Actor Stephen Lang Shares How an Indie Project Led to a Hollywood Blockbuster

Image of actor Stephen Lang in the woods.
Stephen Lang as Buffalo Soldier, 92nd Infantry, Vernon Baker, Medal of Honor recipient World War II. Photo credit: 8180 Films

In what started as a chance encounter at a basketball game, chameleon actor Stephen Lang found that the indie performance doc "Beyond Glory" reversed his creative atrophy.

Acclaimed actor Stephen Lang’s impressive career moves easily between indies such as this fall’s hit horror film Don’t Breathe and big studio films such as Public Enemies and Tombstone. Here he tells how his most personal indie project led to his biggest studio movie and how the two remain intertwined to this day. 

(Full disclosure: The Independent staff writer Rebecca Reynolds has produced three of the films starring Stephen Lang mentioned in this article.)

Rebecca Reynolds: In 2003, you starred as Lt. Gen. Thomas “Stonewall” Jackson in the $56 million studio film Gods and Generals. This was to be your big breakout role, but the film didn’t take off and quickly disappeared. How did you handle what had to be a huge career disappointment?

Stephen Lang: While I would never characterize the failure of Gods and Generals as a “blessing in disguise,” what eventually emerged from disappointment and depression was life-changing. I was really forced to evaluate my position in the film business. Because I had always worked, I had allowed some aspects of my own creativity to atrophy, specifically my abilities to write, direct, and produce. Rather than take the initiative, take responsibility for my own life, I was an actor who basically waited for the phone to ring. Gods and Generals changed that.

RR: In what way?

Stephen Lang: The way the film was received was a kick in the ass and a loud wake-up call. I intuitively felt the need for a project in which to immerse myself, and Beyond Glory answered that need. 

RR: This was Beyond Glory, the book?

Stephen Lang: Yes, at that time I played in a weekly basketball game with a bunch of “regular” guys — which is to say I was the only actor. One Sunday morning in May 2003, as I was lacing up, I idly asked the guy next to me what he did for a living. Larry Smith told me that he was about to publish a book he had written about the Medal of Honor. I expressed casual interest, and a week later he brought an uncorrected copy of Beyond Glory to the game. I read it that day and began writing that evening. By the following morning, I had done my first treatment — a distillation of an interview with John Finn, who received the Medal of Honor for his actions on December 7, 1941. I read it to my wife and she wept. I felt I might be on to something.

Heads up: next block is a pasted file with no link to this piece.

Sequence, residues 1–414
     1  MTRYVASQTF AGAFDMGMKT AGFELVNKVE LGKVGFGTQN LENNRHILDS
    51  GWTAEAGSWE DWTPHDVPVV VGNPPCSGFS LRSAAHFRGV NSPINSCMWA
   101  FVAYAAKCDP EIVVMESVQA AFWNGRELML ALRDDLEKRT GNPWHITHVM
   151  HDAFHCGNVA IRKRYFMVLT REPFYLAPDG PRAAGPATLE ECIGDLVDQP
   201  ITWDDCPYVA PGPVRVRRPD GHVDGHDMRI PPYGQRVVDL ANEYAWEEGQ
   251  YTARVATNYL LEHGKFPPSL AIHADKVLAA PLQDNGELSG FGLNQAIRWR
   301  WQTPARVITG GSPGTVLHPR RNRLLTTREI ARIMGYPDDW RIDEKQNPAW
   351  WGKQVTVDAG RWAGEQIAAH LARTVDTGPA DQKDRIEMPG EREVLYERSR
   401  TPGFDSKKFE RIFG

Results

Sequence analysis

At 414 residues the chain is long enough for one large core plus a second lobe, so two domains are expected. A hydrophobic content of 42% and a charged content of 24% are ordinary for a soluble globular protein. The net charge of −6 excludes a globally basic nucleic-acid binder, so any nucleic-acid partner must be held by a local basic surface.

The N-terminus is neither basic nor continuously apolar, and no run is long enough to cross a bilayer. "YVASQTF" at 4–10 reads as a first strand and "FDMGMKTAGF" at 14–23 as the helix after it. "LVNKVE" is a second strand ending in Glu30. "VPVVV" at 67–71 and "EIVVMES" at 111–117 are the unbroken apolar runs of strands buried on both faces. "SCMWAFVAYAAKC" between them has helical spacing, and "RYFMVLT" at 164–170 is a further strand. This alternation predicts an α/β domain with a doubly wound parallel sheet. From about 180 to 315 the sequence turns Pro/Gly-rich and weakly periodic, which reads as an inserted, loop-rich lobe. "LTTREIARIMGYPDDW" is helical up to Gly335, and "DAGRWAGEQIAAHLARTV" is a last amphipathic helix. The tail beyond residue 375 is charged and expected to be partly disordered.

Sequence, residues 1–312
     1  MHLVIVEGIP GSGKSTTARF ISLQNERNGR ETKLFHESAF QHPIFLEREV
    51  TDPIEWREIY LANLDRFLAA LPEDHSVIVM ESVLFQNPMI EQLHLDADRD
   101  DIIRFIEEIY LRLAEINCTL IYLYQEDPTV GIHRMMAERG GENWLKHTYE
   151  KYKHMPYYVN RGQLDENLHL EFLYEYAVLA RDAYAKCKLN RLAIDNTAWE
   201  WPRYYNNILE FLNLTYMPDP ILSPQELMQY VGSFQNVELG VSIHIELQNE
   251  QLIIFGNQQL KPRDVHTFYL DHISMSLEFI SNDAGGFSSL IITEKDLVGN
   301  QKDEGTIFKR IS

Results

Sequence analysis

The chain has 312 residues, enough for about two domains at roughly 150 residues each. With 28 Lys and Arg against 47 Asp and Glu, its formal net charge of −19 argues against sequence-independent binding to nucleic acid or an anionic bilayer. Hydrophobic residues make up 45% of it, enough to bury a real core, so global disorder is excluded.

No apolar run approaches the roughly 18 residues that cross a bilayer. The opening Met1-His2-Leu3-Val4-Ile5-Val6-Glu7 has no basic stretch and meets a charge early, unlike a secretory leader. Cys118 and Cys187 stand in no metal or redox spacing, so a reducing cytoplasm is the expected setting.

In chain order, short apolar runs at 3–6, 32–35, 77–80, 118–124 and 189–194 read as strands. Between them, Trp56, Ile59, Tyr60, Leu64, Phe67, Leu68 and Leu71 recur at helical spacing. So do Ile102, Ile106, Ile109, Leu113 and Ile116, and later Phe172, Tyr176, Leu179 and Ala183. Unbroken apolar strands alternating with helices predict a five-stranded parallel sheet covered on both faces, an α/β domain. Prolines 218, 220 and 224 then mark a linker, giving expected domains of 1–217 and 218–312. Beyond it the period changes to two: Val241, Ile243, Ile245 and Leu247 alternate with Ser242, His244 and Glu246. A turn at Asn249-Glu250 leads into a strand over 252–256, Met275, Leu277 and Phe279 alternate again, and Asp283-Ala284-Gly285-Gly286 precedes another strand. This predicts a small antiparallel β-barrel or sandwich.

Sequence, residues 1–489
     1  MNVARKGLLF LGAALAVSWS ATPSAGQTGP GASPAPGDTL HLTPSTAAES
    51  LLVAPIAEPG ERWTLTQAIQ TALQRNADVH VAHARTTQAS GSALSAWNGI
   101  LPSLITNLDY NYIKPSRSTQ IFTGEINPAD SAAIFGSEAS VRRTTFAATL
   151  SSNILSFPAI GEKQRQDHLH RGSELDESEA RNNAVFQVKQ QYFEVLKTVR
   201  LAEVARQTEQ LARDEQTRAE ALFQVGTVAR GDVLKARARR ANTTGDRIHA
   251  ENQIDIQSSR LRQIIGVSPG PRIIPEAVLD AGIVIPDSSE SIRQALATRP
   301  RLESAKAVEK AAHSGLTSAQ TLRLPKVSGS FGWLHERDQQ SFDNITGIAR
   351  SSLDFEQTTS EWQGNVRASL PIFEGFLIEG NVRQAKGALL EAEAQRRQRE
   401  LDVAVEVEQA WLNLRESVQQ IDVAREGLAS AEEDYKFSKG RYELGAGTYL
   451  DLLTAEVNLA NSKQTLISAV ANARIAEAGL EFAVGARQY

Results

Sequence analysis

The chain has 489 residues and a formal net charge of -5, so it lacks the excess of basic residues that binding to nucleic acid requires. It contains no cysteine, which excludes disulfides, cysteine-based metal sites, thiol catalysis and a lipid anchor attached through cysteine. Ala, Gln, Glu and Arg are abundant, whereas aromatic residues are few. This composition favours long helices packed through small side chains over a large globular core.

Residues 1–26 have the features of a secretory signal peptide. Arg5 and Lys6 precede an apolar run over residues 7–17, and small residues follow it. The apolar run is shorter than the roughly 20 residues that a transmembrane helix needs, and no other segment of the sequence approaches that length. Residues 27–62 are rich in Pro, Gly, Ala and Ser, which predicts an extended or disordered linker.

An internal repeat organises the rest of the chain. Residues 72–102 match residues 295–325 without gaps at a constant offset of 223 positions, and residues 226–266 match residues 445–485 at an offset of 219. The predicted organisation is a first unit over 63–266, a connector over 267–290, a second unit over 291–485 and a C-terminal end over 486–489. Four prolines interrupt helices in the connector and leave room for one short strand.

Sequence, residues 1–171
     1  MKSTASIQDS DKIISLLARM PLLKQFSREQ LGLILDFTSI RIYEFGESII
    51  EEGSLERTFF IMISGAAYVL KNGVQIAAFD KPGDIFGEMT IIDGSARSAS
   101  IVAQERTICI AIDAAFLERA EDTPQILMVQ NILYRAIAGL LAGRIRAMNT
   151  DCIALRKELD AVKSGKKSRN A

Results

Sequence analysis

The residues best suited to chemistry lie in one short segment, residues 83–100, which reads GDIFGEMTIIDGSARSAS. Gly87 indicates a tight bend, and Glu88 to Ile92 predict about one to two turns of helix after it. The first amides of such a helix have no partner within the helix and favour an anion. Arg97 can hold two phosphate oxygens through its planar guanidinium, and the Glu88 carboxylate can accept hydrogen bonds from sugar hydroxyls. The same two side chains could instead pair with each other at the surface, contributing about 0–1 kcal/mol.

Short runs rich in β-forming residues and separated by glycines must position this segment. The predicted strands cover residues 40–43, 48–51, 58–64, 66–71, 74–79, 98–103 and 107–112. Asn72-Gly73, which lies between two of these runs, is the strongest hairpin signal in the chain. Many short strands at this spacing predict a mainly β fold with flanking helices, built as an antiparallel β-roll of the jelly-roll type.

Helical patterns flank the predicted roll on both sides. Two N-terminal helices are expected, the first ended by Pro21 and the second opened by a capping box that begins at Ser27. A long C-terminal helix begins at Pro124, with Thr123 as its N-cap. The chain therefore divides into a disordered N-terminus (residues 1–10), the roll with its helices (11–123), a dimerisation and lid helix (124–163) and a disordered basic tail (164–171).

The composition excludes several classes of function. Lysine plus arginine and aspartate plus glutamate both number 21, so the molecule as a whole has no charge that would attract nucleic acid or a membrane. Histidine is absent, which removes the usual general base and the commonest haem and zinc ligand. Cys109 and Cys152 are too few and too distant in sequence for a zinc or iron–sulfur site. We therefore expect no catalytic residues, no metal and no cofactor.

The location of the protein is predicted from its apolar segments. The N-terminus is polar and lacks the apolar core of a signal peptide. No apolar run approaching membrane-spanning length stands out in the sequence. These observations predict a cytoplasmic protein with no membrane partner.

RR: What attracted you to the stories of these men?

Stephen Lang: The book Beyond Glory is a superb piece of journalism. Twenty-three interviews that Larry Smith conducted with living Medal of Honor recipients from World War II, Korea, and Vietnam. It does not merely record the words of the men, it captures their very voices. The stories the men told were exciting, emotional, painful, funny, full of wonder, and very dramatic. It just seemed the most natural thing in the world to adapt them for the stage. The process of creating the play was swift and organic, and by early July 2003 I had turned a dozen interviews into bullion cubes of drama: just add acting, and theatre will emerge.  

RR: Why was it important to you that these stories are told?

Actor Stephen Lang in a still for Beyond Glory.
Stephen Lang as Chief Ordinance Man John William Finn, Navy, Medal of Honor recipient Pearl Harbor, World War II. Photo credit: 8180 Films